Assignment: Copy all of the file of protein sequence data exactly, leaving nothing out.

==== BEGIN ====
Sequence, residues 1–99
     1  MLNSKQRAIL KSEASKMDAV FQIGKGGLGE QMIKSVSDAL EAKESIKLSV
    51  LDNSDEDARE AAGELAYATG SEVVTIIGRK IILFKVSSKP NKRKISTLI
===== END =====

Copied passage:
Sequence, residues 1–99
     1  MLNSKQRAIL KSEASKMDAV FQIGKGGLGE QMIKSVSDAL EAKESIKLSV
    51  LDNSDEDARE AAGELAYATG SEVVTIIGRK IILFKVSSKP NKRKISTLI